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Ware v. Colvin

United States District Court, N.D. Mississippi, Eastern Division

December 3, 2014

TERESA WARE, Plaintiff,


S. ALLAN ALEXANDER, Magistrate Judge.

Plaintiff Teresa Ware seeks judicial review under 42 U.S.C. § 405(g) of a decision by the Commissioner of Social Security denying her application for Supplemental Security Income (SSI) under Title XVI of the Social Security Act. Docket 10, p. 67-77. Ware filed her application on September 27, 2011, asserting an onset date of February 1, 2011. Docket 10, p. 67. The Commissioner denied her claim initially and on reconsideration. Docket 10, pp. 30-33, 36-37. Plaintiff challenged the denial of benefits and requested a hearing before an Administrative Law Judge (ALJ). Docket 10, pp. 38. She was represented by an attorney at the administrative hearing on July 23, 2013. Docket 10, p. 257. The ALJ issued an unfavorable decision on September 23, 2013. Docket 10, p. 15-25. The Appeals Council denied her request for review. Docket 10, p. 6-10. Because both parties have consented to have a magistrate judge conduct all the proceedings in this case under 28 U.S.C. § 636(c), the undersigned has the authority to issue this opinion and the accompanying final judgment.


Plaintiff was born on November 7, 1972 and was forty years old on the date of the hearing before the ALJ. Docket 10, p. 262. She dropped out of school in the 8th grade. Docket 10, p. 263. She was previously employed as a grill cook. Docket 10, pp. 104, 288. She claims disability from asthma, high blood pressure, back problems, arthritis, and panic attacks. Docket 10, pp. 104, 288.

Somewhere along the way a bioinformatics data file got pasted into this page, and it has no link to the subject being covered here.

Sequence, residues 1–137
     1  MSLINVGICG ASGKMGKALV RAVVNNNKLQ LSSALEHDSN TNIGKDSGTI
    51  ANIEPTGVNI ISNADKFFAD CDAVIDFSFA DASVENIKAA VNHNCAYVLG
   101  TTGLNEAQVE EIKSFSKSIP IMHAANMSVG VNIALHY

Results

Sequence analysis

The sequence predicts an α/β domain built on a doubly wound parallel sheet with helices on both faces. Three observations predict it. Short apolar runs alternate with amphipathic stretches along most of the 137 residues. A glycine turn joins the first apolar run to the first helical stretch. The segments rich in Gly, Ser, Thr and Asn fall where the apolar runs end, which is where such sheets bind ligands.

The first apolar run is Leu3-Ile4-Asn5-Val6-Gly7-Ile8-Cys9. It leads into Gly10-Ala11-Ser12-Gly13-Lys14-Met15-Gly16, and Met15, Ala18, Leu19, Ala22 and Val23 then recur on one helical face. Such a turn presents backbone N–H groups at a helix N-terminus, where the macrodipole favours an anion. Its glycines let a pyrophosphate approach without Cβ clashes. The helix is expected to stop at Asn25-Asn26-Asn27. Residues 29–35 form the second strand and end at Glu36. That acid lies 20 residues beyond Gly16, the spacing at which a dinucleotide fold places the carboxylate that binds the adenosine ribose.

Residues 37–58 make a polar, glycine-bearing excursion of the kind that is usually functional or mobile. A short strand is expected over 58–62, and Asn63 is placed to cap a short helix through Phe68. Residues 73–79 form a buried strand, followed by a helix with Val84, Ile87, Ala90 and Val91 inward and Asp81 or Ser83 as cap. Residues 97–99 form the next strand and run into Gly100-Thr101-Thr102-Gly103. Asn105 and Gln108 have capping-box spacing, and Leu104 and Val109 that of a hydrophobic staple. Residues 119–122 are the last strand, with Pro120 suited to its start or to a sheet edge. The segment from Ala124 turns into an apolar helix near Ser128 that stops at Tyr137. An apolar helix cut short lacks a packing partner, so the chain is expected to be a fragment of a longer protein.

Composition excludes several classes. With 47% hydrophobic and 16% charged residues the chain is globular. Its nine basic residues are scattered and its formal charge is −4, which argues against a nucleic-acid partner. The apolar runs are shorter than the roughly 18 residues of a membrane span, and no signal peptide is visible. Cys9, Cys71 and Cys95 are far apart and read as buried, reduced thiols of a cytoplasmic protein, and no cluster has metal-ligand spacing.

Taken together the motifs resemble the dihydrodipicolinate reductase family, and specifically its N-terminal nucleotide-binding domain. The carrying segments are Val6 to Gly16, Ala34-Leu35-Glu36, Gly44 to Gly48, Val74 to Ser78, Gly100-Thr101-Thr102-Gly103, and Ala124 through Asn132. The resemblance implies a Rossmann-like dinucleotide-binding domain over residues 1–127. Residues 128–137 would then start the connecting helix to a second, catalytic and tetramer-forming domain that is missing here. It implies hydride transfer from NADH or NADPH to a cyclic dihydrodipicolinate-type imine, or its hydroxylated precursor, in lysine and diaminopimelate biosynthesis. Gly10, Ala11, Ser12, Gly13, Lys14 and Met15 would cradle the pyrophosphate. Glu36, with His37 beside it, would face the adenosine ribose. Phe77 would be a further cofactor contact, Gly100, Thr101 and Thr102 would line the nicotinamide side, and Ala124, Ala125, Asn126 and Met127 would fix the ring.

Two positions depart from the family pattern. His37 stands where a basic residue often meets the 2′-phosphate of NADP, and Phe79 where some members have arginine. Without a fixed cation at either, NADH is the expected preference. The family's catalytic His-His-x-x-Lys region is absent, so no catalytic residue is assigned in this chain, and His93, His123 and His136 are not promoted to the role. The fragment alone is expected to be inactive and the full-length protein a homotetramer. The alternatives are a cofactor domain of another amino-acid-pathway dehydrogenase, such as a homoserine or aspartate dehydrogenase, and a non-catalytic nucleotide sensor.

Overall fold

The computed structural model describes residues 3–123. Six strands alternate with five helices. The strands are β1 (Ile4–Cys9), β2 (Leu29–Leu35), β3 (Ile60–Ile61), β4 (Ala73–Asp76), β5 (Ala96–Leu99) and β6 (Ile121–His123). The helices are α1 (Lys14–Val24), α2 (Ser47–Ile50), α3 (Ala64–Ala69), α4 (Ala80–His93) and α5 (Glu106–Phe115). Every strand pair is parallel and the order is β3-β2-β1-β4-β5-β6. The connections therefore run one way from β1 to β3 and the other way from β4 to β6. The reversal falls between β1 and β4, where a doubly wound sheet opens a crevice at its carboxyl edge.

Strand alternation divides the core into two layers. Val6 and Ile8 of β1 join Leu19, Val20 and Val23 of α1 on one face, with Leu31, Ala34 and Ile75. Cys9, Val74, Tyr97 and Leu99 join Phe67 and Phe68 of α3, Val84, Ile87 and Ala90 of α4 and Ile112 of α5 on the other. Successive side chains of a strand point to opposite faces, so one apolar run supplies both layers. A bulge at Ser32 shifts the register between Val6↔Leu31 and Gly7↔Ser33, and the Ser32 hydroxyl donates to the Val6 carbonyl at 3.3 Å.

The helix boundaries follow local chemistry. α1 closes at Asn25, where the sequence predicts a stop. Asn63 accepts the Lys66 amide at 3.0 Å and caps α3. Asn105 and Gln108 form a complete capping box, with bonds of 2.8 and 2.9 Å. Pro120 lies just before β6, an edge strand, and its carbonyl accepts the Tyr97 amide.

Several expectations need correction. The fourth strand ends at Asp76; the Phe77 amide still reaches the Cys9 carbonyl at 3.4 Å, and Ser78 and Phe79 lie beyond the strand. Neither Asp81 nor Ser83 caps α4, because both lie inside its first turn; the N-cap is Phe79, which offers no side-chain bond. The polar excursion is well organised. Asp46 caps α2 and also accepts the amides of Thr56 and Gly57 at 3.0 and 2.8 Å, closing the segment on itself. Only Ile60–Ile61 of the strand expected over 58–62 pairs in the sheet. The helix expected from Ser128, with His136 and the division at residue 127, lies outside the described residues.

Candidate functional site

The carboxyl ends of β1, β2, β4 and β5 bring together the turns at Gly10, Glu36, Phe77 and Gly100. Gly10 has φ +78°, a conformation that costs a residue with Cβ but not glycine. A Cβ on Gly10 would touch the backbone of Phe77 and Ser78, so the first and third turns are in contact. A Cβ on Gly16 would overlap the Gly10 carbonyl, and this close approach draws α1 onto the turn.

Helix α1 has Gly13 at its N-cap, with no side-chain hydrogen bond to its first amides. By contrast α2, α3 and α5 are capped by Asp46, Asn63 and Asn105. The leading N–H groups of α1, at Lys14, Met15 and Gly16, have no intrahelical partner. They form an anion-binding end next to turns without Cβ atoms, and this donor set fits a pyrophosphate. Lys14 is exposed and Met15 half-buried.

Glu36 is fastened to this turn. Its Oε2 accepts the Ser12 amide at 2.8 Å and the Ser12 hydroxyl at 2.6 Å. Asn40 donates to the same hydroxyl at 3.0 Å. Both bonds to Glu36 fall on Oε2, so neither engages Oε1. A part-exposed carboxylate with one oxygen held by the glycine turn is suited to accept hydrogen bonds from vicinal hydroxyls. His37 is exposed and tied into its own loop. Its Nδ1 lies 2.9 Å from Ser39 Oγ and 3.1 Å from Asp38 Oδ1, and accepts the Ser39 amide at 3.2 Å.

The ALJ determined that plaintiff suffers from "severe" impairments of obesity and arthritis. Docket 10, pp. 15-17. Despite finding she had these severe impairments, the ALJ determined that plaintiff does not have an impairment or a combination of impairments that meet or medically equal one of the listed impairments in 20 C.F.R. Part 404, Subpart P, App. 1. Docket 10, p. 17, Finding No. 3. The ALJ examined the evidence in the record, including the records and opinions of the consultative examiner Dr. Robert Shearin, hospital records, and medical records from the Aaron Henry Community Health Clinic, mental health professional Dr. Pamela Buck and non-examining state agency consultant Dr. Robert Culpepper. This evidence, along with the plaintiff's testimony and an adult function report completed by the plaintiff, led the ALJ to conclude that plaintiff's residual functional capacity [RFC] includes:

the residual functional capacity to lift or carry ten pounds occasionally, less that ten pounds frequently; stand or walk for two hours out of an eight-hour work day; and sit for six hours out of an eight-hour workday. The claimant may never climb ladders, ropes, or scaffolds; but may occasionally climb ramps or stairs; occasionally stoop, crouch, kneel, or crawl; and must avoid concentrated exposure to environmental irritants.

Docket 10, p. 17, Finding No. 4. In reaching this RFC decision the ALJ found the plaintiff's subjective complaints less than fully credible and that her allegations of stringent functional limitations were disproportionate to the objective medical evidence. Docket 10, pp. 19-21.

The ALJ found that even though this RFC left plaintiff unable to perform her past relevant work [Docket10, p. 21, Finding No. 5], in light of testimony from a vocational expert (VE) and plaintiff's age, education, work experience and RFC, jobs exist in significant numbers in the national economy that plaintiff could perform, including charge account clerk, DOT number 205-number 713.687-026. Docket 10, p. 24, Finding No. 9.